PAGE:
London Fashion Designers 1900-1950

At the beginning of the twentieth century, fashion was always made-to-measure. It was dictated by high society fashion designers, often connected to the royal court and the aristocracy.


Although Paris dressmakers still set the pace in 1900, their counterparts in London were beginning to challenge French supremacy. 'Lucile' or Lady Duff-Gordon, was the first British woman to achieve an international reputation as a fashion designer. She created clothes that were softly coloured and intensely decorative. She is credited with being the first designer to have a parade of mannequins: the modern catwalk.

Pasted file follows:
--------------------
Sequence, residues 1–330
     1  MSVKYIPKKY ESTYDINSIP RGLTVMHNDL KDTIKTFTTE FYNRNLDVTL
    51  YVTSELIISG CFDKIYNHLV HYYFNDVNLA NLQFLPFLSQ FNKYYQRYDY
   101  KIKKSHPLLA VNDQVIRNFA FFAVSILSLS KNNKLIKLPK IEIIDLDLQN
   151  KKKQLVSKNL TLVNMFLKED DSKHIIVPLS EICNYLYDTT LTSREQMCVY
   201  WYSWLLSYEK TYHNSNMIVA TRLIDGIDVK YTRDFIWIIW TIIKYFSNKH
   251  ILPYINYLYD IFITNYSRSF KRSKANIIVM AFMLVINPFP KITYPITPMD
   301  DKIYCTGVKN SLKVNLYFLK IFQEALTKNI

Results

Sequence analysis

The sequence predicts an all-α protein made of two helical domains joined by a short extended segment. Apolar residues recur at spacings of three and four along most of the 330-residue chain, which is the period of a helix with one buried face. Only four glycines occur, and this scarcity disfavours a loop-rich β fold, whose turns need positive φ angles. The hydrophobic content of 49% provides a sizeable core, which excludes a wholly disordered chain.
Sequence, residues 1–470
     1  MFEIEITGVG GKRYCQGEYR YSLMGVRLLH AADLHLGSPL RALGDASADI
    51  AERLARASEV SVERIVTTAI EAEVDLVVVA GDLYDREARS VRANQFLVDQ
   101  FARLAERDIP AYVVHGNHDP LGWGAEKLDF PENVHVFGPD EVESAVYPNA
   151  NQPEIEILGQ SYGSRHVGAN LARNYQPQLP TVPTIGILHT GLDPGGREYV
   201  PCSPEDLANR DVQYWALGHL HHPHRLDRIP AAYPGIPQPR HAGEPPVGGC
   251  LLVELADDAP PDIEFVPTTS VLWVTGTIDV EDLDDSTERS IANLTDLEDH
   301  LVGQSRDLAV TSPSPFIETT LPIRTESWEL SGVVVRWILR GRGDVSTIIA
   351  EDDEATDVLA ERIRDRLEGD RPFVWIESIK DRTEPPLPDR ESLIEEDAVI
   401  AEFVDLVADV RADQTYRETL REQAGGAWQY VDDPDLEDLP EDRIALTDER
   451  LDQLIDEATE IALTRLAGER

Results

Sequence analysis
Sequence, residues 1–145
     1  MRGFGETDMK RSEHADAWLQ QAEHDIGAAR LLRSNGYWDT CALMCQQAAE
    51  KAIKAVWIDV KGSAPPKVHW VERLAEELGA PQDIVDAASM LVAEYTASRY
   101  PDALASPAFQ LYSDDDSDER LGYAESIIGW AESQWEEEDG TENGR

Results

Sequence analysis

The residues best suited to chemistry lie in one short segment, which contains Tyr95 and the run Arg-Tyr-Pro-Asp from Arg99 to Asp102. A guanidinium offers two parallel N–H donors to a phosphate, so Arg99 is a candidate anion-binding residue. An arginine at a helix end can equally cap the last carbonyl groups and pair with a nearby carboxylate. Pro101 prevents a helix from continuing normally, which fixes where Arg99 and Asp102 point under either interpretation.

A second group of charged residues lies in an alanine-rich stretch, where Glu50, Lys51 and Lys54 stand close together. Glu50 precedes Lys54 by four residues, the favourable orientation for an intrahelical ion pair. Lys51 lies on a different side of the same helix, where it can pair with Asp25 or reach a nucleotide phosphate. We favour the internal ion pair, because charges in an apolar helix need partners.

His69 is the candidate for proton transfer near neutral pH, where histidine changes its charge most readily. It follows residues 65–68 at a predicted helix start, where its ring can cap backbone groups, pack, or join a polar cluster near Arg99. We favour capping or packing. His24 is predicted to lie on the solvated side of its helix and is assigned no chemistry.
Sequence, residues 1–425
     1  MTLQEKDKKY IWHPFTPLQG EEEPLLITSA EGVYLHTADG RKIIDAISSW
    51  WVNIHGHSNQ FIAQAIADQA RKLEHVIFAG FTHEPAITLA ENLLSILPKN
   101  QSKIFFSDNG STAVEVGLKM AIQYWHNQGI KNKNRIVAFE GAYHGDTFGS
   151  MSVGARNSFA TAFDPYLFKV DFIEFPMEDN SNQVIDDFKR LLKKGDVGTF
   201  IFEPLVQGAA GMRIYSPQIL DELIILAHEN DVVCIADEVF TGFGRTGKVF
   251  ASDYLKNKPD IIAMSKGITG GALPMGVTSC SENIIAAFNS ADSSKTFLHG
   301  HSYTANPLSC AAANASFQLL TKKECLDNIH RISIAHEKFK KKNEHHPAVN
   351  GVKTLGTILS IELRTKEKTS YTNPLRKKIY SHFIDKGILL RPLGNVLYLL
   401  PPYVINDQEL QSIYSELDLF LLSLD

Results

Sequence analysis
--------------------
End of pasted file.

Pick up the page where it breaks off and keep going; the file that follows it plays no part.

Fashion in the Edwardian era was often uncomfortable and complicated to wear, restricting the active lifestyle that women were increasingly demanding.

Thomas Burberry's clothes for women were ahead of their times. His sports clothes allowed women greater ease of movement, while motoring, walking or playing golf.

During the war Burberry designed trench coats for the troops, after the war these became popular fashion items in their own right.

The First World War

Shortly before the First World War straighter clothes were being worn by the most fashionable women, these allowed the female figure its natural shape, almost for the first time.

Many more women had a greater disposable income, as they filled the higher paid jobs left by the men fighting on the Front. Being in fashion was now within reach of many more Londoners. Munitions workers for example could now afford fur coats made out of seal or musquash.

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